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sins and their best deeds have all really been ways of avoiding Jesus as savior. “... the way to avoid Jesus was to avoid sin.” (Flannery O’Connor, Wise Blood, 22). Luther says, the Christian is simul iustus et peccator – simultaneously accepted, yet a sinner. When the gospel dawns on the soul, it becomes a transforming power (Romans 1:17). A Christian says: “though I have often failed to obey the law, the deeper problem is why I was ever trying to obey it!”. Our effort to obey it is just a way of seeking to be our own savior. In that mindset, even if we obey or ask for forgiveness, we are really resisting the gospel and setting ourselves up as Savior. To “get the gospel” is turn from self-justification and rely on Jesus’ record for a relationship with God. “Lay your deadly doing down, down at Jesus’ feet. Stand in Him, in Him alone – gloriously complete.” (Unknown) All this is based on the work of Jesus Christ who, on the cross, took our sin upon himself and transferred His righteousness to His people. Christians are in “union with Christ,” according to the New Testament. Jesus perfectly fulfills for His people the role of Prophet, Priest and King: Prophet – He is the Word, the Truth, He represents God to us Priest – He is the Sacrifice and Advocate, interceding for us to God King – He is the eternal Lord, enthroned and ready to return in glory. In Jesus we behold the glory of the one full of grace and truth. De-emphasize or lose one or the other of these truths, and you fall somewhat into legalism or into license, and you eliminate the joy and the power of the gospel. 2. Why am I a Christian? The centrality of God’s sovereignty. a. Because God chose you unconditionally •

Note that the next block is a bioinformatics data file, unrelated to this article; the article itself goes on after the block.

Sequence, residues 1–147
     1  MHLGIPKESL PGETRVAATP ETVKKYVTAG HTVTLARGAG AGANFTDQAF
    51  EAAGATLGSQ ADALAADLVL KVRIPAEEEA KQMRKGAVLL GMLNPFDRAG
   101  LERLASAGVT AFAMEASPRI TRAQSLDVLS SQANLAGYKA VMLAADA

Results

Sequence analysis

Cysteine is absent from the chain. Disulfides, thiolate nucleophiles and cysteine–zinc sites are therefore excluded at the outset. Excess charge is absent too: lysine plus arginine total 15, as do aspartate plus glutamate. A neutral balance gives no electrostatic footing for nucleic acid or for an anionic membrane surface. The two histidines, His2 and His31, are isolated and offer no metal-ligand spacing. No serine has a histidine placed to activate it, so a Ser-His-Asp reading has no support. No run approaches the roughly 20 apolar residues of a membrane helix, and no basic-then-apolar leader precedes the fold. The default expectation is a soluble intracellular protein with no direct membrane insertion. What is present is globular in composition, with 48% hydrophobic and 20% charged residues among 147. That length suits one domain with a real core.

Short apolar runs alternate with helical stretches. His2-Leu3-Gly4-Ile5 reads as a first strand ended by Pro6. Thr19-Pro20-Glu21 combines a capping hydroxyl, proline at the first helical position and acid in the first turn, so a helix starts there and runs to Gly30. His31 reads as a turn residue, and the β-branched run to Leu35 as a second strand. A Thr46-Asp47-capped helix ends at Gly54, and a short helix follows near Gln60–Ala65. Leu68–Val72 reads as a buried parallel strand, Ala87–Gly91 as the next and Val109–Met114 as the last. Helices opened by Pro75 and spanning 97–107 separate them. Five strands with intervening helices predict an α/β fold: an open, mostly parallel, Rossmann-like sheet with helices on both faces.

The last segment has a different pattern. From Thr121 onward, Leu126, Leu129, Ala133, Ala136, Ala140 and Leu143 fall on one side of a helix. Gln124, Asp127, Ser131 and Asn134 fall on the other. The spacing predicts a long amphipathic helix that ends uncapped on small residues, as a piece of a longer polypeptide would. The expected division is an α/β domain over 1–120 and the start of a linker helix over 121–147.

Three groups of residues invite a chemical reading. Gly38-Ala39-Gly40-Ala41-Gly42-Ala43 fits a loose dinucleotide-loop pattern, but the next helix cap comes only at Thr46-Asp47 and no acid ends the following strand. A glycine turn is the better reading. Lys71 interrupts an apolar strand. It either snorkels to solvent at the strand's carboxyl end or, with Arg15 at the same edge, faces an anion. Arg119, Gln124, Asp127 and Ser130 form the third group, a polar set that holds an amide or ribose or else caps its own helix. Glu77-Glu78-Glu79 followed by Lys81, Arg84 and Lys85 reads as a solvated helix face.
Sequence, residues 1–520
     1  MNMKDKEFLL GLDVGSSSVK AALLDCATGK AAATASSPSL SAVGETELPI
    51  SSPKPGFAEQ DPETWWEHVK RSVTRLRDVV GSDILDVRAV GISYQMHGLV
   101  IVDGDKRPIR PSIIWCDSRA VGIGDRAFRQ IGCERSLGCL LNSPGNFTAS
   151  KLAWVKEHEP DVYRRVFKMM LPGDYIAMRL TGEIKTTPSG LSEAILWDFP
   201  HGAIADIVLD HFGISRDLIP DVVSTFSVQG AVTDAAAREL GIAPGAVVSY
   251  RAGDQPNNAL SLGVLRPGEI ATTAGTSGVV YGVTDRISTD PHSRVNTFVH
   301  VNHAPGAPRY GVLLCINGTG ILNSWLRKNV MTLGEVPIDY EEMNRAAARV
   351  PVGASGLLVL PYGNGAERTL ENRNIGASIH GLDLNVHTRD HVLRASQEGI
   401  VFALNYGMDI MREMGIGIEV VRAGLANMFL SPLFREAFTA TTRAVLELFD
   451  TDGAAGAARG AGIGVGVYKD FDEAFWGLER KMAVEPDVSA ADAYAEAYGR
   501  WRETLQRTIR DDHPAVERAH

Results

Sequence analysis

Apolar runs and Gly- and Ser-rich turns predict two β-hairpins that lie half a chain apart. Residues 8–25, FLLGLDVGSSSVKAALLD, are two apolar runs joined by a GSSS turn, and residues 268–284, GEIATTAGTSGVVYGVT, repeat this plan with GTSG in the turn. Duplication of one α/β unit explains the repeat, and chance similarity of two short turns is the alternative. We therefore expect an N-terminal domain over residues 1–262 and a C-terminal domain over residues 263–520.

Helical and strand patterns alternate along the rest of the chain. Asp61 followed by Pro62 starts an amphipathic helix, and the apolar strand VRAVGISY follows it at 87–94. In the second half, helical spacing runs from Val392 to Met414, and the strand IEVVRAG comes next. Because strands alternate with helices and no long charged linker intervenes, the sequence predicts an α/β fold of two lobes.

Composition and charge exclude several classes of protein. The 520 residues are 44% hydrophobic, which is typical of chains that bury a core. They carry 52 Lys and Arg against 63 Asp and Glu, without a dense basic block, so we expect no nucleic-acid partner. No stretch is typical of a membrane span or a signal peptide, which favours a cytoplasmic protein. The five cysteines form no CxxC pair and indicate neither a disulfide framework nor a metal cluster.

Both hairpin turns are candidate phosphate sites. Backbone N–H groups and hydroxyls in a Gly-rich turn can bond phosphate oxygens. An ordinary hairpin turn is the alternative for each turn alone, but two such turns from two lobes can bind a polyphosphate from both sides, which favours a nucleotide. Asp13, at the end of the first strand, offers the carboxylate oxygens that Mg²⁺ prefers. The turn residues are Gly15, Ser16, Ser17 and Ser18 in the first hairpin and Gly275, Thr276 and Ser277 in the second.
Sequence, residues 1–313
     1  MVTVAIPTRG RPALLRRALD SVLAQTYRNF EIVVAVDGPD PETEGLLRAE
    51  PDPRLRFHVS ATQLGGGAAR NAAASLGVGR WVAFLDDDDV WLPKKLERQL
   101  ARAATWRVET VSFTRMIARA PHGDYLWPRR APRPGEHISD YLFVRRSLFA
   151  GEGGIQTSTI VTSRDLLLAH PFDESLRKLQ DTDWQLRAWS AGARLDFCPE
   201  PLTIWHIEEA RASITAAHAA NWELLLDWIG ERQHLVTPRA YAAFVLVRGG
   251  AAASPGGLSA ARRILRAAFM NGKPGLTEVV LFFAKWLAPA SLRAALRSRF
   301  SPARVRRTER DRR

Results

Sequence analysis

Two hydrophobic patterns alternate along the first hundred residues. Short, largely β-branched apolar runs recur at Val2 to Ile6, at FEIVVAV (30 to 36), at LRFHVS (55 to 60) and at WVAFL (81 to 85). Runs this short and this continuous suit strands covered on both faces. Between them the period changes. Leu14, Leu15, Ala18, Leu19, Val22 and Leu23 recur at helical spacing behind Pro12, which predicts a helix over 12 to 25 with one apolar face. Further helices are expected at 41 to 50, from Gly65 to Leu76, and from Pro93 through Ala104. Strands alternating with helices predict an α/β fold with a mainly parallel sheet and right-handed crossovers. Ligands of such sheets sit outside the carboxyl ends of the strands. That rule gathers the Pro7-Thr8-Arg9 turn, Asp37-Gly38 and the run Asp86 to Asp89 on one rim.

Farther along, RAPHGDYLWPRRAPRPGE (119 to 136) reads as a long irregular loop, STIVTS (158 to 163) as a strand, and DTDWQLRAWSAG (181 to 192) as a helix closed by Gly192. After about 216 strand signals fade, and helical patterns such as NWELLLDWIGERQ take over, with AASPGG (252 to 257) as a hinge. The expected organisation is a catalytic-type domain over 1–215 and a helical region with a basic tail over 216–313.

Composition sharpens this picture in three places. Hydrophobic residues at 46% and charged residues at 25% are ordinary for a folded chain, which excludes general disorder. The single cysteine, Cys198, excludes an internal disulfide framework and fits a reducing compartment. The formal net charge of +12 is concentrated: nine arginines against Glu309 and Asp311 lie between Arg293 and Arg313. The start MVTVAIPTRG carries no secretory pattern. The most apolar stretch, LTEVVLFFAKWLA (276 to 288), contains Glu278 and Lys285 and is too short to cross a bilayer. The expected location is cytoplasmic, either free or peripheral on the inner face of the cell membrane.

God chooses whom He will save.
His decision is not based on anything we have done, good or bad (Romans 9:11-13).
He doesn’t “foresee the good guys” because there are no good guys. We are all guilty (Romans 3:10-12).
If election were based on merit no one would ever be elect! (Deuteronomy 6:9; 1 Corinthians 1:27; Romans 9:23).
God shows His mercy to people who neither want nor deserve it.
Why did God choose you and me? The answer is a mystery. It was for His own glory, and because in His mercy He was pleased to do so. Not fair? (Ephesians 1:1-14; Romans 9).